Saturday, November 27, 2010

Five Criteria for Positive Discipline With Parenting Expert Dr. Jane Nelsen

"I Need A Hug"

Dr. Jane Nelsen of writes in this article (click on the title for the link) about a soft approach to an out of control child. This particular approach may not work every time, or even more than once. But you and your child will never forget it.

A child is in the middle of a screaming tantrum. Father gets down and shouts, "I need a hug!" Child: "What?!?" Father: "I need a hug!" Child:"Now?!?" Father "Yes!" Child shrugs, "Okay" and hugs his father. The tension melts away, and father says, "Thanks, I needed that." Child says, "So did I." They can then deal with whatever started the tantrum after that, or not. Perhaps that is all that was needed.

The father above has taught his son several things in this moment. Here are just some that I thought of that his son learned:
1. His father loves him no matter what.
2. He, the son, can contribute to helping others, and that helping others also helps himself.
3. When people are upset, try pulling them closer instead of pushing them away. He now knows how that feels.
4. True love heals the hurt caused by anger.

The father above also learned several things in that moment:
1. He learned that he loves his son no matter what.
2. His son has a good heart, even when he's angry. He respects him for it.
3. Pull others close when they are angry, instead of pushing them away.
4. Holding his little boy close and feeling true love heals the hurt caused by anger.

Reading the above article I thought of the first time something like this happened with my daughter. I like remembering these things, because it's the only way I can make sure I don't ever forget!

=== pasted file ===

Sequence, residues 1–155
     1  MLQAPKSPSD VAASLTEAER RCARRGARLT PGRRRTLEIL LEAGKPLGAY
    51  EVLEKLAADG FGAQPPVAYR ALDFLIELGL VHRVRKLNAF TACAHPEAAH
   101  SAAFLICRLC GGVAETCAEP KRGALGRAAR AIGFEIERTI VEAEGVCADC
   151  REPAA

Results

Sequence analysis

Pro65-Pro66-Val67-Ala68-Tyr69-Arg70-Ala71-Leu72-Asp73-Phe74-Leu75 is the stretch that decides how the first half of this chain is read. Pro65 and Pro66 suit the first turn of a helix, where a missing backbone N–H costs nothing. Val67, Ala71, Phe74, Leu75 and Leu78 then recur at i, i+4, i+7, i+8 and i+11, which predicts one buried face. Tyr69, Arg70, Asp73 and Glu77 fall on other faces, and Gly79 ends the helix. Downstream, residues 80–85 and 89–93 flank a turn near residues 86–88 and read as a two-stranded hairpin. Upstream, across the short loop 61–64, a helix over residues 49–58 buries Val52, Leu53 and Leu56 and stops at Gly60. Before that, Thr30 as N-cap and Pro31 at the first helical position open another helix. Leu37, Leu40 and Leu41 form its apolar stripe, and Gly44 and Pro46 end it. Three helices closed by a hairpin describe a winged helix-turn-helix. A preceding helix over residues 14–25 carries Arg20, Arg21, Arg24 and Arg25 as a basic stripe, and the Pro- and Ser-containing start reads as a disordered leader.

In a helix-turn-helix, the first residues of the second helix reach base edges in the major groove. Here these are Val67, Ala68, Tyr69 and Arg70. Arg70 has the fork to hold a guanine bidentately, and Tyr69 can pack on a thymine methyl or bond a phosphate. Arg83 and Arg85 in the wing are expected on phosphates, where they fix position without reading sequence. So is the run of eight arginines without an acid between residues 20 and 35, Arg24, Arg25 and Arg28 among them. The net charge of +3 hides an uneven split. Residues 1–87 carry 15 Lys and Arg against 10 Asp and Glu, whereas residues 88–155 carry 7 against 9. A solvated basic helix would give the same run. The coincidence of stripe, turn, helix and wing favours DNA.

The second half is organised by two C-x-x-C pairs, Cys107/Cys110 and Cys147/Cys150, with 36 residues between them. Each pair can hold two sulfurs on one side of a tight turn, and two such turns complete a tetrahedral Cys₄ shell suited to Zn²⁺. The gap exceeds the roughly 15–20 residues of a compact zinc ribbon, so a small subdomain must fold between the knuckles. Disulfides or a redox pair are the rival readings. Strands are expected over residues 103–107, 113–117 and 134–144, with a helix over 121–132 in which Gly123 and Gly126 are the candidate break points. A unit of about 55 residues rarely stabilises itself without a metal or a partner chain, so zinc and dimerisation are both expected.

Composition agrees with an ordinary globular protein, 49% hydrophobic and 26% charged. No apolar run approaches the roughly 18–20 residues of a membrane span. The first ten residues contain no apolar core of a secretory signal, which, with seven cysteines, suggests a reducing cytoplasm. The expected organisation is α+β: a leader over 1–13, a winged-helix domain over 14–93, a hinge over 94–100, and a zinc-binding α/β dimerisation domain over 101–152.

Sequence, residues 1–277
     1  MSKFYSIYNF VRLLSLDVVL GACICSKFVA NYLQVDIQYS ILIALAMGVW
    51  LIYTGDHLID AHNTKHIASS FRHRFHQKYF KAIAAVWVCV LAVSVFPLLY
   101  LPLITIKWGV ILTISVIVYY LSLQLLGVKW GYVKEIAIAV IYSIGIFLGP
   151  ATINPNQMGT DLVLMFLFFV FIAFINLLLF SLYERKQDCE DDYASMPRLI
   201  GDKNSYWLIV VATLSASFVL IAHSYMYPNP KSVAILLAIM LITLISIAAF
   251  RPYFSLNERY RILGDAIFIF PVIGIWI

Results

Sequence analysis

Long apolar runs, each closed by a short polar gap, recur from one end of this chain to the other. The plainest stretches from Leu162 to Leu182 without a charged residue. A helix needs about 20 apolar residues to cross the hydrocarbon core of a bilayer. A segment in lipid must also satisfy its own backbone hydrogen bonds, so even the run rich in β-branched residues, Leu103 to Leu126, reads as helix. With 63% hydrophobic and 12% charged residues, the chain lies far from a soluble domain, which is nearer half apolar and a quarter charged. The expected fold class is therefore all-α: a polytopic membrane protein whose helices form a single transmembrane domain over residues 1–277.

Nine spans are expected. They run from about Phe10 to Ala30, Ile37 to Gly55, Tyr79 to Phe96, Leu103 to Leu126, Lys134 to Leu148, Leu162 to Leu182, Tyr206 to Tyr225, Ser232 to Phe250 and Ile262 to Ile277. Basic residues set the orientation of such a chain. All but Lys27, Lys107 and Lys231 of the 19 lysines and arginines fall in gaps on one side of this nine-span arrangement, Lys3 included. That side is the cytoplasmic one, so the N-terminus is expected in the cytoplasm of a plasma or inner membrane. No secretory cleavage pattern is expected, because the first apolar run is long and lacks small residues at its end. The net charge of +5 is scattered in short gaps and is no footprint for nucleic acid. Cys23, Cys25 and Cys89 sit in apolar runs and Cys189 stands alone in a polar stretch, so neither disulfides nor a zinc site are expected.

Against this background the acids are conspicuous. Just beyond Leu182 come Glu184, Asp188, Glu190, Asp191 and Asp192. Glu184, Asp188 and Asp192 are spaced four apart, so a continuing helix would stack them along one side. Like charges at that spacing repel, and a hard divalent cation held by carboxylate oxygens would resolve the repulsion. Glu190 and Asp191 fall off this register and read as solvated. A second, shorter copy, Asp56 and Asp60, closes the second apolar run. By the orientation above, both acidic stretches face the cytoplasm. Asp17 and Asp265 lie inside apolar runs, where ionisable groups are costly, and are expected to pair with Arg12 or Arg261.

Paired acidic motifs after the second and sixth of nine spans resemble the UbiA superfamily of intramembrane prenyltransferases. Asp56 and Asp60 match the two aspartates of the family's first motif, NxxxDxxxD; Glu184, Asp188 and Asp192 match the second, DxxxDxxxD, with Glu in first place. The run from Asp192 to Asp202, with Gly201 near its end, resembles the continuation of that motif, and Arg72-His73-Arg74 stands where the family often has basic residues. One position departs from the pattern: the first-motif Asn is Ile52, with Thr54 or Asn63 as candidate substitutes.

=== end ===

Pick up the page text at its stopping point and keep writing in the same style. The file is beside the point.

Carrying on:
My daughter was screaming, thrashing, shouting obscenities, and I was at a loss. The overwhelming feeling came over me; 'She is doing this because she doesn't feel loved.' I got down on the floor and shouted over her screams, "Do you think I don't love you?!" She quieted down and stared at me. I said more softly, "Are you really angry because you don't think I love you very much?" She started to cry real tears, pain and deep-felt hurt pouring out of her. I hugged her tightly, and through my own tears I cried to her, "I love you more than anything! You are my baby girl, and you always will be. You changed my life. You are my angel!" We sat on the floor and cried, and I felt her pain. I felt my own pain. I promised myself that things would be different from then on.

I don't know if my daughter remembers that day, but I know I will never forget. It was one of the first turning points for us--when I started realizing that love conquers all, not pain and shame. I pray I will never forget. I pray that I will remember how I felt before and after that moment. I pray that I will remember her face, and the pain that came pouring out of her, so much hurt, all caused by my negative discipline. Maybe I didn't beat my kids (except for spanking,) I didn't hit them with anything, no bruises (besides on their backsides,) but I controlled them (or tried to control them) using fear, intimidation, shame, and apathy. I didn't look ahead, I just tried to get through the moment, hoping that somehow, some way, things would get better. All my discipline was centered on immediate control, not long-term goals. It hurt. It hurt them- it hurt me- it hurt my spouse. It was wrong. It felt wrong. I just didn't know what else to do. Now I do know what else to do. I have given myself permission to use Christ's teachings in my home to teach discipline to my children, and myself. Self-discipline is contagious. The children learn it by watching. They also learn the opposite by watching. Am I ready to be the grown-up and make a choice? Am I ready to learn, for the sake of my family, how to be a true Christian?

The root of the word "discipline" is "disciple". I ought to BE Christ. I am the body of Christ, as are all his disciples, so how would Christ treat my children? If he were in my place, would he spank them? Would he shame them? Would he try to break their will? I can only know the answers as I learn more about Him. Simply remembering Him and how He feels, helps me see things differently. I want to be patient, I want to be kind, I want to show mercy and love. This is the reason for this blog--to make sure I keep remembering.

Friday, November 26, 2010

My Children

Kaylee 6yrs, Kendon 2yrs, Peter 4yrs

Kirk Martin wrote in a Celebrate Calm newsletter, that when we let go of our anxiety, and calm ourselves down, we will see our children blossom, and their true nature begin to surface.